Dr. Michael Snyder, director of the Teen Obesity Weight Loss Program at Rose Medical Center, states "This isn't just about having surgery and it's not some quick fix." He emphasizes that teens and their families will undergo extensive counseling on nutrition, psychology, and behavioral change in order to ensure patients are ready for the life-long commitment of weight-loss surgery.
Dr. Mark Wulkan, pediatric surgeon at Emory University School of Medicine in Atlanta, agrees that weight-loss surgery can be beneficial to teens. Dr. Wulkan states that in teens with a BMI of more than 40, only about 5% are successful at losing the weight through diet and exercise alone. In many cases, living with the excess weight poses a greater health risk to a teen than having the surgery. Dr. Wulkan has performed bariatric surgery on many adolescents, including a 13-year-old whom he states was his "best patient." As a result of the surgeries, he has seen many cases of diabetes and high blood pressure resolve in teens.
Though some critics have expressed concern over performing such an operation on an individual who is still growing, Dr. Wulkan states that bariatric surgery is not performed on teens until they have reached 90% of their growth, and that because overweight teens typically mature early, they have often achieved their full height by the age of 13 or 14.
Other bariatric professionals, however, aren't so sure that surgery is the answer. Dr. Wendy Scinta, director of Medical Weight Loss of New York, believes that surgery should be a last resort for teens, and that patients and their families should first exhaust all non-surgical options. Though Dr. Scinta regularly treats obese teenagers, she has never recommended surgery for a teen and would do so only for patients weighing in excess of 600 pounds. Dr. Scinta believes that vitamin deficiencies caused by weight-loss surgery can have lifelong consequences for teens, who may not be mature enough to follow a strict supplement regimen.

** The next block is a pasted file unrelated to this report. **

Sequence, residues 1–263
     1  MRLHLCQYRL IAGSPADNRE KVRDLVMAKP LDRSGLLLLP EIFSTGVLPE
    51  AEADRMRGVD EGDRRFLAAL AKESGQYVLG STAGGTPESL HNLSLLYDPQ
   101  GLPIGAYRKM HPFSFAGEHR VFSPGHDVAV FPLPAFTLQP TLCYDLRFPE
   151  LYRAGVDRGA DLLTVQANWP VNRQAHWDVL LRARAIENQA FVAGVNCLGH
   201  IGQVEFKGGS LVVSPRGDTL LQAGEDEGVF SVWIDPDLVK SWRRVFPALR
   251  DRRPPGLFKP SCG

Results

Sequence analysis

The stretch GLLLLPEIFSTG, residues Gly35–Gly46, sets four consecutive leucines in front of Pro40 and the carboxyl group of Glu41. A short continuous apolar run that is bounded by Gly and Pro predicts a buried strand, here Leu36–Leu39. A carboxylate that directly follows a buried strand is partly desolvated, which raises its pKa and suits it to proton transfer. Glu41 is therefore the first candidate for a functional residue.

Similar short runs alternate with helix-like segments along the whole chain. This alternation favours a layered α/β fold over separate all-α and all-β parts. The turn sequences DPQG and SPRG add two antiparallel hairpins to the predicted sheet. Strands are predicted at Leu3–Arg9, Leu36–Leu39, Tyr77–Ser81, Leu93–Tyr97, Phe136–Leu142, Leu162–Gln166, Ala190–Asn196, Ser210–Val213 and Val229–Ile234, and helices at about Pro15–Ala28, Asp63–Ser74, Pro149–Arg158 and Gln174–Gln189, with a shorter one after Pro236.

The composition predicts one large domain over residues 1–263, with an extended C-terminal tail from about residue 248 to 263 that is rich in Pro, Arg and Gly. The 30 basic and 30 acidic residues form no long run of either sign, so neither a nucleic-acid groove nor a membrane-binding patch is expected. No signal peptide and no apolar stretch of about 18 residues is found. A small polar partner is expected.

Through nutrition coaching, behavior modification, metabolic therapies, and exercise, Dr. Scinta has helped patients lose in excess of 100 pounds and has also reversed cases of diabetes, high cholesterol, and high blood pressure. Dr. Scinta has also noticed that teenage patients who had stopped growing sometimes begin to develop again after losing weight, indicating that the early maturity may be more closely linked to the excess weight than doctors fully understand.
If your teen is overweight and is considering weight-loss surgery, make sure your child understands the risks and responsibilities involved. Though bariatric experts may not agree on the best methods for teens to lose weight, one thing they all agree on is that weight loss is a family affair. In order for teens to lose weight and make healthier lifestyle changes, they need the support and involvement of the entire family.